In this context, Mr Whitehouse, 65, who declined to be interviewed for this article, explained how a network of advocacy groups took money from undisclosed donors to support the confirmation of Tory judges who are considered potentially sensitive to their interests. .
At Judge Amy Coney Barrett’s confirmation hearing in October, Mr. Whitehouse devoted her first round of questioning to laying out her case and telling her that she needed to understand the “forces outside of this room.” who pull strings and push sticks and the puppet theater to react.
His push has brought him the backing of those on the left who believe Democrats haven’t been aggressive enough to challenge Republicans over justice. But they also see Mr. Whitehouse, who has just been elected for his third term, as someone who would bring a new perspective to the top of the committee.
“I think it takes a bit of fresh air, a new energy,” said Faiz Shakir, a former senior Senate adviser and progressive activist who served as presidential campaign director for Senator Bernie Sanders of Vermont. Mr Shakir said his support for Mr Whitehouse was not a personal complaint against Mr Durbin, but that the Democrat of Rhode Island had “gained credibility” through his work.
“Giving him the opportunity to lead a committee, I think, would be a good change of guard for the Democrats in the Senate,” Shakir said.
Mr. Durbin credited Mr. Whitehouse with a “great job” in outlining the expenses related to judicial appointments.
“This is an important question, and I’m glad he brings it up,” said Durbin, who has been very critical of the Republican treatment of confirmations and said he would pursue a reset if Democrats won a majority. .
“There clearly has to be a balance between the courts,” he said. “Most Americans aren’t looking for all Democrats or all Republicans.”
Mr Durbin said he believed the committee had drifted from its old role as a driving force of the Senate and wanted to reinvigorate it. If he had the place of leader, he said, he would try to refocus the committee on voting rights, executive branch oversight, antitrust efforts and the immunity from opposite liability that Republicans pursue to the aftermath of the coronavirus pandemic.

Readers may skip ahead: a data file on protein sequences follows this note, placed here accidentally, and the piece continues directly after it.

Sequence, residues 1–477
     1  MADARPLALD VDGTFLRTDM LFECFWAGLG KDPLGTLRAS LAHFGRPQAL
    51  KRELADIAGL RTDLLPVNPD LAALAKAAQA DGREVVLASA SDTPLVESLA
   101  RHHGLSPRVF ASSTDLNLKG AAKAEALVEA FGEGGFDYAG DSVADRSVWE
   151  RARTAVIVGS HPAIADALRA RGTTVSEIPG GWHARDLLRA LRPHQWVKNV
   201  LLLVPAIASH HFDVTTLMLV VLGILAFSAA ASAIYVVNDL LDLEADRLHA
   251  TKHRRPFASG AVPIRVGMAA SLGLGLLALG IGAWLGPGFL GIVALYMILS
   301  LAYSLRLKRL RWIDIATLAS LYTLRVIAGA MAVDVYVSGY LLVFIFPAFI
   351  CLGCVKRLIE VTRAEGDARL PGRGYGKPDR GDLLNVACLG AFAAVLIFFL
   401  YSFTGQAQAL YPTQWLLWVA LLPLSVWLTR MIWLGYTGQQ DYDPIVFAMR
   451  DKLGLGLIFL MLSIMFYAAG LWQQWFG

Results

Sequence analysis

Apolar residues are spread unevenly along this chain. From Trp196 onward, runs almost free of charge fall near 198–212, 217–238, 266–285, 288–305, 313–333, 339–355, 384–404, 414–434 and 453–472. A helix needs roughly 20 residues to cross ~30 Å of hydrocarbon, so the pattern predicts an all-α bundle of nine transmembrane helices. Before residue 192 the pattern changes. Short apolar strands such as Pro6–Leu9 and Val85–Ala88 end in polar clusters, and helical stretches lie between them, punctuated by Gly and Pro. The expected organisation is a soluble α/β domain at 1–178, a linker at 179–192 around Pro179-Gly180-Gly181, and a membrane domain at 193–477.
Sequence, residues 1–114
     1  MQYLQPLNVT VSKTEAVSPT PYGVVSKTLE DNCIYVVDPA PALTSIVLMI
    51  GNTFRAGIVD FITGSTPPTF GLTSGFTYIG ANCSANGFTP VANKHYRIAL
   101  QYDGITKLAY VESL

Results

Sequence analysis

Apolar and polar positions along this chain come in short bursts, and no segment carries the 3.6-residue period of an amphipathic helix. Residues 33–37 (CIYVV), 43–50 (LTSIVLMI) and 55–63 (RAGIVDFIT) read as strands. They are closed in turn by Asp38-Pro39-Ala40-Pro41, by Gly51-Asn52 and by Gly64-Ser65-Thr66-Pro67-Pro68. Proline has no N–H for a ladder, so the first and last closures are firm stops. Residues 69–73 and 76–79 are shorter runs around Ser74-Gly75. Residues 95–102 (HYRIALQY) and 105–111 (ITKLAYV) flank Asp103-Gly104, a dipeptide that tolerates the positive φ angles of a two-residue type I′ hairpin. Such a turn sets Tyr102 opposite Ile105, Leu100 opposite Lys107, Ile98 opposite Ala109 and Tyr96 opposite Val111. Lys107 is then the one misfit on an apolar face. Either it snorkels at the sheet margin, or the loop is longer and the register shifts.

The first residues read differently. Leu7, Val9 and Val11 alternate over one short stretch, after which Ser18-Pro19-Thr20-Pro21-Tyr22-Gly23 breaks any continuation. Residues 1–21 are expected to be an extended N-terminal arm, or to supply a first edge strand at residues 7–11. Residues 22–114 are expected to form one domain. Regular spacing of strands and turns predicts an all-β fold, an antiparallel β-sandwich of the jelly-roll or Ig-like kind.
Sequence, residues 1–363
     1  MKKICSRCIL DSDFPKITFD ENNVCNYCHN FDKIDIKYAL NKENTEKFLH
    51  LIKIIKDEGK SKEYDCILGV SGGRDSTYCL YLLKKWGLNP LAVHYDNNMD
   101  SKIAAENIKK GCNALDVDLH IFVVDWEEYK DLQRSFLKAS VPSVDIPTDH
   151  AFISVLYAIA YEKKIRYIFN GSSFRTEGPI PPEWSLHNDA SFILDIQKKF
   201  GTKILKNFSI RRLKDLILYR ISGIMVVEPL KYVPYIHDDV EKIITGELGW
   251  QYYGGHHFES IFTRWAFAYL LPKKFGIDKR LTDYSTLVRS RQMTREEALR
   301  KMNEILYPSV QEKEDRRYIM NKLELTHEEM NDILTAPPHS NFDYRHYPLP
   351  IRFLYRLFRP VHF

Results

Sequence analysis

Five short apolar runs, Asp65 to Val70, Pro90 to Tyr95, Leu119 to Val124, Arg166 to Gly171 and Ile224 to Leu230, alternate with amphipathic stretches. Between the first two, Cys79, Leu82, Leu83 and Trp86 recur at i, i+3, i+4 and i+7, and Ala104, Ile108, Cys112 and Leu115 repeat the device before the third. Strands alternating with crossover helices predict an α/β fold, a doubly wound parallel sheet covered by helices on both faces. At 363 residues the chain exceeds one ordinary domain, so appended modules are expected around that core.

Mr Durbin also highlighted his ability to work with Senator Charles E. Grassley of Iowa, who will either be the main Republican or the chairman of the panel, particularly on a criminal justice overhaul that has become law in 2018. Mr Durbin negotiated a deal with Mr Grassley on reduced sentences for non-violent offenders despite Iowan’s own reservations and pressure to drop the contentious provisions to advance the rest of the law.
“Very few people thought we could pass sentencing reform as part of First Step,” said Holly Harris, president of Justice Action Network, a bipartisan criminal justice reform organization. She credited Mr. Durbin with keeping aspects of sentencing alive: “Through him, criminal justice reform was a first step rather than a timid stumbling block.”
House leadership elections are notoriously difficult to cripple, as lawmakers are reluctant to publicly commit to a decision taken in secret. The election will take place in the coming weeks, before the convening of the new Congress early next year.
Senator Chuck Schumer of New York, the leader of the party that must overcome the divide in his caucus, has so far said nothing about whether he has a preference.
But if there’s one thing all Senate Democrats can agree on, it’s that they would much prefer Mr. Durbin or Mr. Whitehouse to chair the Judiciary Committee rather than make him the Principal Democrat. , the position depending on the result in Georgia. .
“We are all stepping in in every way imaginable to help the two candidates over there,” Durbin said.
Catie Edmondson contributed reporting.